Analysis of Operating Conditions Influencing the Morphology and In vitro Behaviour of Chitosan Coated Liposomes
- *Corresponding Author:
- Claudio Nastruzzi
Department of Life Sciences and Biotechnology
University of Ferrara, Via Fossato di Mortara 17/19
44100, Ferrara, Italy
Tel: (+39) 0532 455348
E-mail: [email protected]
ECSIN-European Center for the Sustainable Impact of Nanotechnology
Veneto Nanotech S.C.p.A., Viale Porta Adige 45, I-45100 Rovigo, Italy
Tel: (+39) 0425 377512
E-mail: [email protected]
Received Date: June 04, 2014; Accepted Date: July 17, 2014; Published Date: July 21, 2014
Citation: Venturini M, Mazzitelli S, Micetic I, Benini C, Fabbri J, et al. (2014) Analysis of Operating Conditions Influencing the Morphology and In vitro Behaviour of Chitosan Coated Liposomes. J Nanomed Nanotechnol 5:211. doi:10.4172/2157-7439.1000211
Copyright: © 2014 Venturini M, et al. This is an open-access article distributed under the terms of the Creative Commons Attribution License, which permits unrestricted use, distribution, and reproduction in any medium, provided the original author and source are credited.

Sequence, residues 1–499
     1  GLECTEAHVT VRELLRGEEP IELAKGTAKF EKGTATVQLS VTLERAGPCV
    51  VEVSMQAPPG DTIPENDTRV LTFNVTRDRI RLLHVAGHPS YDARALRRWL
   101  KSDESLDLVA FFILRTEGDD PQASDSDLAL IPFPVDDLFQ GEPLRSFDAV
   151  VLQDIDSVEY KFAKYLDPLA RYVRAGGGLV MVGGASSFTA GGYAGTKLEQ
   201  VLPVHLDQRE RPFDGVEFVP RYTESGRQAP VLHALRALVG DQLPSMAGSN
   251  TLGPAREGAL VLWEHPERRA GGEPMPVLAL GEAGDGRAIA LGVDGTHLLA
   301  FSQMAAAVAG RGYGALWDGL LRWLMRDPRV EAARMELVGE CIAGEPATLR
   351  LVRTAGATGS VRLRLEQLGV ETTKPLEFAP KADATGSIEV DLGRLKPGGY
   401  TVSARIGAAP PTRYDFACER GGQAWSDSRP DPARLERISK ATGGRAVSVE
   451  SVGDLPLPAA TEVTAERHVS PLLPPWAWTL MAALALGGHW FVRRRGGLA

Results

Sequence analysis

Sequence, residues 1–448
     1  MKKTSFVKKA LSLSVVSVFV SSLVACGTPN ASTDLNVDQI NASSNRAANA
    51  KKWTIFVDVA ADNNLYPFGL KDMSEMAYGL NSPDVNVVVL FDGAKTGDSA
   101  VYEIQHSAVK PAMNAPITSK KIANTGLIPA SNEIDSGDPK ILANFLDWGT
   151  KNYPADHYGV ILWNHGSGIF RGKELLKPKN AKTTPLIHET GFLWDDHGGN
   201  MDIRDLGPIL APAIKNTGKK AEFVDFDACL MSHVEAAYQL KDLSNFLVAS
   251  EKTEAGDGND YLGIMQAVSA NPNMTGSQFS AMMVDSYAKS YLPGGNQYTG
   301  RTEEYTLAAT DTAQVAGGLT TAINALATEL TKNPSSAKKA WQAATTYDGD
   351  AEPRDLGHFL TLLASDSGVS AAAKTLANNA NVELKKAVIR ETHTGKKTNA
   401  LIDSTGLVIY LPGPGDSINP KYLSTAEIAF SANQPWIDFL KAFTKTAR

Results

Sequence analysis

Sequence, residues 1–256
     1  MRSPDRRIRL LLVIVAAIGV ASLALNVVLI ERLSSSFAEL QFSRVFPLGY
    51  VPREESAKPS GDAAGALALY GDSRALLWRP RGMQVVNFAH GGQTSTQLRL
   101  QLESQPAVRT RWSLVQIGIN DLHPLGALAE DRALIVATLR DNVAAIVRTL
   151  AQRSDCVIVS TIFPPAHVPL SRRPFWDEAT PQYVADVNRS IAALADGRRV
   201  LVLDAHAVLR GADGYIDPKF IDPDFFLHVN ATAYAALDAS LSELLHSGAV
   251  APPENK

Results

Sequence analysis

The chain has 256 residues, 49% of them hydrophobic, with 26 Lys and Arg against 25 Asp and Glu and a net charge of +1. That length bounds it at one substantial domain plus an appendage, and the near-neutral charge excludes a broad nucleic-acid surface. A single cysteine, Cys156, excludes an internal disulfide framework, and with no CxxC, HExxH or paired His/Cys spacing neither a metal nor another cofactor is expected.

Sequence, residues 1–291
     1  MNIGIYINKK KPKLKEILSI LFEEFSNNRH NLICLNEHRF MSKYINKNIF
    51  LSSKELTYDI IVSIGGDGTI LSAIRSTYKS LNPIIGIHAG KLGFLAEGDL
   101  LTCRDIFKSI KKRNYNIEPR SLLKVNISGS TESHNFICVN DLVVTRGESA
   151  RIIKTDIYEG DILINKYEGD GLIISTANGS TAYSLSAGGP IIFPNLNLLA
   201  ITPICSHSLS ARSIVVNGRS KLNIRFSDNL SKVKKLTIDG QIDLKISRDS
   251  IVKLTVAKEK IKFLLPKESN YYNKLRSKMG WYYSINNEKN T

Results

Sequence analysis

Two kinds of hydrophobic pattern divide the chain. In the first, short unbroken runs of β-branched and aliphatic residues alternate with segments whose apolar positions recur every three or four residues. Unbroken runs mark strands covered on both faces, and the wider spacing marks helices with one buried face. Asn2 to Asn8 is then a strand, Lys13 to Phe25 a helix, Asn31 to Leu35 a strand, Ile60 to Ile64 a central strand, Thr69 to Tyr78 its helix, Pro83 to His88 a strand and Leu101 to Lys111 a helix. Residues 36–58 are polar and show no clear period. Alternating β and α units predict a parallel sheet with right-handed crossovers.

Among nanoparticle-based drug delivery formulations, lecithin/chitosan liposomes are promising candidates because of their biocompatibility, biodegradability and bioadhesion properties. Lecithin is a mixture of highly biocompatible phospholipids, while chitosan represents one of the most used polymers in pharmaceutical formulations. Their combination results in positively charged complexes that are able to sustain a specific, prolonged and controlled release. Scarce reproducibility and batch-to-batch variation in lecithin/chitosan liposome synthesis, as well as difficult scale-up to industrial production, is a major challenge for their utilization. Here we present a strictly controlled procedure, based on ethanol diffusion in water, which yields to a precise and reproducible self-organization of lecithin and chitosan molecules. We analysed the size, surface charge and stability of chitosan coated liposomes at different lecithin/chitosan ratios. We found that increasing the lecithin/chitosan ratio both mean particle size and surface charge were progressively reduced. A good stability was observed for all formulations, though interactions occurred in the presence of low amount of surface-adsorbed chitosan liposome vesicle. Chitosan coated liposomes interact with A549 and Caco-2 cells inducing low toxic effects only with prolonged incubation times. In conclusion, the proposed procedure provides good reproducibility in the formation of non-toxic and highly stable formulations of chitosan coated liposomes as drug delivery systems.